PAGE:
by Steve Mulroy —
I have a diverse, unique perspective on racial disparities in the criminal justice system.
I’ve been a Department of Justice (DOJ) civil rights lawyer and a federal prosecutor.
I’ve practiced criminal prosecution and defense.
I’ve legislated on civil rights and criminal justice issues, the two areas of my teaching and scholarship as a law professor.
And I’m the elected DA (District Attorney General) of Memphis and Shelby County, which has significant crime issues and high-profile civil rights violations, including the tragic killing of Tyre Nichols this year.
While stark, Shelby County’s civil rights-criminal law issues are sadly not unique. Shelby is slightly majority Black in population, but almost 90 percent Black in homicide victims.
This echoes the national trend. DOJ data shows Black people as 13percent of the U.S. population but nearly 50 percent of homicide victims.
A recent National Academies Press study showed that Black and Native Americans are by far the most likely to be victimized in severe violence.
While inter-racial disparities in nonfatal violence have been narrowing, the murder disparity remains stubbornly high.
Of course, these same racial and ethnic disparities are just as stubborn when it comes to the other end of the justice system.
In our slightly majority-Black county, Black residents make up almost 80 percent of our criminal defendants.
A few years back, DOJ sued our Juvenile Court for discrimination, citing statistics that showed that, even controlling for offense level and criminal history, a Black teen was 2 to 3 times more likely than a white teen counterpart to be arrested, detained, and transferred to adult court.
Nationally, countless studies show persons of color are significantly more likely than whites to be stopped, searched, arrested, convicted, and sentenced harshly.
This holds for offenses like traffic violations and drug possession, where whites offend at the same rate as other ethnic groups.
The sad reality is that persons of color are disproportionately represented among both victims and defendants: Crime is a civil rights issue.
It is not paradoxical to conclude that minority neighborhoods are both overpoliced and under policed.
Police often engage in racial profiling in such neighborhoods for minor offenses with little relation to public safety, while not focusing enough on intense public-safety-oriented investigations and crime prevention strategies given the crime rates.
The former is the subject of a current DOJ pattern and practice investigation in Memphis.
Just as it is not paradoxical to call for more help for crime victims but less racial profiling, there is no inherent conflict between criminal justice reform and public safety, despite the attempts by some to blame recent crime rises on reform.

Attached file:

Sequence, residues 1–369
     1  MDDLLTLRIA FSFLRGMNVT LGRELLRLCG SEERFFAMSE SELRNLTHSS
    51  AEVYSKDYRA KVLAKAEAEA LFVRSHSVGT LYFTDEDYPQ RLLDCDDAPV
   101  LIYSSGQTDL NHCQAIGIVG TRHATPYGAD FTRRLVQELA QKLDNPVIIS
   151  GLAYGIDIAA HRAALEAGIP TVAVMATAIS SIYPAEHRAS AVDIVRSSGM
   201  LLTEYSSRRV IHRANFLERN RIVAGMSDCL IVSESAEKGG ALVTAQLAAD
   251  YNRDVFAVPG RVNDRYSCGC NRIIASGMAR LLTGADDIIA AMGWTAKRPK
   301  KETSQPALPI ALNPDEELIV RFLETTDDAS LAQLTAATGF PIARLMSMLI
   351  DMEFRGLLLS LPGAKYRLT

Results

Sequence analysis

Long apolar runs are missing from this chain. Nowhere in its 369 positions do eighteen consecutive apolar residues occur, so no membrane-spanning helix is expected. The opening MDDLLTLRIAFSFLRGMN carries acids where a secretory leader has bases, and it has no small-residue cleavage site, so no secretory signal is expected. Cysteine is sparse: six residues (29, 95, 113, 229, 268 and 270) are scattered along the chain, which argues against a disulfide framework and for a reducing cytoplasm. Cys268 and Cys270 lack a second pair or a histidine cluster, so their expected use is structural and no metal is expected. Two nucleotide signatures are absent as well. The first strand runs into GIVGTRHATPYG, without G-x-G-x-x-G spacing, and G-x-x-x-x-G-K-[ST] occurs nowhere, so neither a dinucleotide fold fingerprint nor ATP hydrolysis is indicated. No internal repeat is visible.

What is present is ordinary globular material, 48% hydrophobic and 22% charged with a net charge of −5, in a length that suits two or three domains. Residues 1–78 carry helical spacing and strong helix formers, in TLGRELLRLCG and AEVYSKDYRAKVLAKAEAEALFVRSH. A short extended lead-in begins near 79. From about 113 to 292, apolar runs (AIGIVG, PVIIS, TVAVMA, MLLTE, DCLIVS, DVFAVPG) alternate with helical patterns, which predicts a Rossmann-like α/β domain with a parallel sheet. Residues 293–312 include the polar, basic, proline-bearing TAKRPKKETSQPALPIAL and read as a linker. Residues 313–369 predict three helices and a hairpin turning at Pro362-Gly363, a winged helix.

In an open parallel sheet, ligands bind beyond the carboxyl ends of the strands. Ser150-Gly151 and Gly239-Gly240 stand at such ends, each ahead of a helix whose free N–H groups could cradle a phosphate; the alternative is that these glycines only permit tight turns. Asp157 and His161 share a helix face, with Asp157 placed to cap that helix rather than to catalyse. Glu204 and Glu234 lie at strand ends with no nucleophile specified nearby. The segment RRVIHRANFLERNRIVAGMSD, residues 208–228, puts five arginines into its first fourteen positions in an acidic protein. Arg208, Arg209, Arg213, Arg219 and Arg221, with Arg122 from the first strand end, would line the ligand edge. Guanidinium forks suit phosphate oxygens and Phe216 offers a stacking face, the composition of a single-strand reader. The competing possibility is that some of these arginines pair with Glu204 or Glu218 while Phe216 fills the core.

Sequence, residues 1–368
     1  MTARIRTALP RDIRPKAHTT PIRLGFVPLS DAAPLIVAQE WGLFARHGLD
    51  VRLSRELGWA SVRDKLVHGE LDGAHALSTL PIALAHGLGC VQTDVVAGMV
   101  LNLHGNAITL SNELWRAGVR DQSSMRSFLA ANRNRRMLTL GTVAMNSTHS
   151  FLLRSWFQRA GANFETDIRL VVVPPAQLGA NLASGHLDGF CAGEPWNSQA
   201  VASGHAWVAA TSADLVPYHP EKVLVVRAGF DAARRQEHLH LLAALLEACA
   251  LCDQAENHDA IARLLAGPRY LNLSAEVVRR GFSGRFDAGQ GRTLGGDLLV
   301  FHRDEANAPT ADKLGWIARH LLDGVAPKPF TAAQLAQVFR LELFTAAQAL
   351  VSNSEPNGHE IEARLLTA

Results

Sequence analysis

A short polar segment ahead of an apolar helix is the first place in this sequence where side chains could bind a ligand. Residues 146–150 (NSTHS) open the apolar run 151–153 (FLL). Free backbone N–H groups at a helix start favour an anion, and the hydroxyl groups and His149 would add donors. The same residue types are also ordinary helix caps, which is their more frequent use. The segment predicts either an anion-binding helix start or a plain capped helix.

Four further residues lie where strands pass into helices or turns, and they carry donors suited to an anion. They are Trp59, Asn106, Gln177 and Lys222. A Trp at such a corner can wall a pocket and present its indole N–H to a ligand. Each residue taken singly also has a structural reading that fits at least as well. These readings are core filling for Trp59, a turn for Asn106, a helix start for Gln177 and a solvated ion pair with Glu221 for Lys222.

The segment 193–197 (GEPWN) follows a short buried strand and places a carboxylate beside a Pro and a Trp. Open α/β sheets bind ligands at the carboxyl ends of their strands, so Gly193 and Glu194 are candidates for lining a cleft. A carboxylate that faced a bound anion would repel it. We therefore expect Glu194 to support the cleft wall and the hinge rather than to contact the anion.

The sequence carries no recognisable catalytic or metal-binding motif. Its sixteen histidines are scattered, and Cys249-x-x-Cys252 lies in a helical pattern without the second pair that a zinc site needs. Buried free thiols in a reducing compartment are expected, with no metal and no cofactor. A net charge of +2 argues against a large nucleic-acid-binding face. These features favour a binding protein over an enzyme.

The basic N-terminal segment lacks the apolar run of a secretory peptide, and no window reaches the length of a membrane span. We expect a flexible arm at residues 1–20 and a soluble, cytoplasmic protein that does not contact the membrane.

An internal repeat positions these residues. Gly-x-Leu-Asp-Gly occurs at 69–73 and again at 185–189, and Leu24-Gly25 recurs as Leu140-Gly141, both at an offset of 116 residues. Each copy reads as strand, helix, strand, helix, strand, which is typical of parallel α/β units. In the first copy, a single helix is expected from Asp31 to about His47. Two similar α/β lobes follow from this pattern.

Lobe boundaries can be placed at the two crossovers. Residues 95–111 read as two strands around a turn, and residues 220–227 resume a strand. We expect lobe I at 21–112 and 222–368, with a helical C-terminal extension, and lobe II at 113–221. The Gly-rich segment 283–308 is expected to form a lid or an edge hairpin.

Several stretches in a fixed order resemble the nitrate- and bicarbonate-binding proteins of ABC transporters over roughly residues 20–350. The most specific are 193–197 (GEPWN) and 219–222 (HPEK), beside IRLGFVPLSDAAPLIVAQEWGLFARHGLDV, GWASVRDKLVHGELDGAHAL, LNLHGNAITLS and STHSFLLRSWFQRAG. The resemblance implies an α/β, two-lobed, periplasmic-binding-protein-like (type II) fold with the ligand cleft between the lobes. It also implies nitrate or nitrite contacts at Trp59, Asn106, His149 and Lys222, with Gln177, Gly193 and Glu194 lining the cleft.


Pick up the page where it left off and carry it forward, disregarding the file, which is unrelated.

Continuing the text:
In Memphis, our consistent crime solution for the past decade or more has been to lock more people up and lock them up longer. It manifestly didn’t work. We saw steadily rising violent crime rates.
In Tennessee, the prison population more than doubled from 1991 to 2018, with a 68 percent higher incarceration rate.
The average sentence length also increased during this period. Our incarceration rate is 22 percent above the national average. But during that period, the crime rate rose and stayed higher than the national average, even as the national crime rate went down.
America mirrors this dynamic.
Until a few years ago, we’d been on a nationwide mass incarceration binge for decades with little to show for it.
We have 5 percent of the world’s population, 25 percent of the global incarcerated population, and the highest homicide rate among developed countries.
Comparing “reform” and “traditional” criminal justice regimes belies any narrative that reform allows crime to breed.
Per capita murder rates are 40 percent higher in “Red states” versus “Blue states.”
Some discount this, saying the problem is Blue cities in Red states, but that doesn’t work either.
As discussed last year in The Economist, hardly a progressive journal, crime rose at the same rate in cities with “reform” DAs as with “traditional” DAs.
The Economist cited a 2021 study by scholars at the George Mason University Antonin Scalia Law School (again, hardly harboring a progressive bias), which examined 35 jurisdictions where reform DAs implemented bail reforms, reductions in nonviolent misdemeanor prosecutions, etc., as well as a similar study on homicide rates conducted by esteemed Fordham Univ scholar John Pfaff.
A 2022 University of Toronto study of 65 cities, plus all counties in Florida and California, reached a similar conclusion.
Similarly, in the first 12 years of this century, crime rates fell faster than the national average in New York and New Jersey, even though they reduced their prison population by a fourth while the U.S. increased theirs by 10 percent.
Time doesn’t permit me to rattle off the lengthy list of “reform” DA jurisdictions with dropping crime rates in recent years or the equally lengthy list of “traditional DA” jurisdictions with rising crime rates.
Nor would I claim that all “reform” jurisdictions always outperform others in crime metrics. But the data’s clear that reform doesn’t raise crime.
And there’s a plausible intuitive explanation behind these reams of stats, one that might suggest a course of action on the crime victimization disparities.
Minority communities need the most help from law enforcement but are understandably the most skeptical of our system’s fairness.
Reforms can restore community confidence in the system’s fairness, which in turn can get the community to cooperate with law enforcement – providing tips, reporting crimes, and serving as witnesses.
In my view, community cooperation is the single most important thing we can do to bend the curve on crime – the most pressing civil rights issue of our time.
(Reach the office of Memphis-Shelby County District Attorney Steve Mulroy at [email protected].)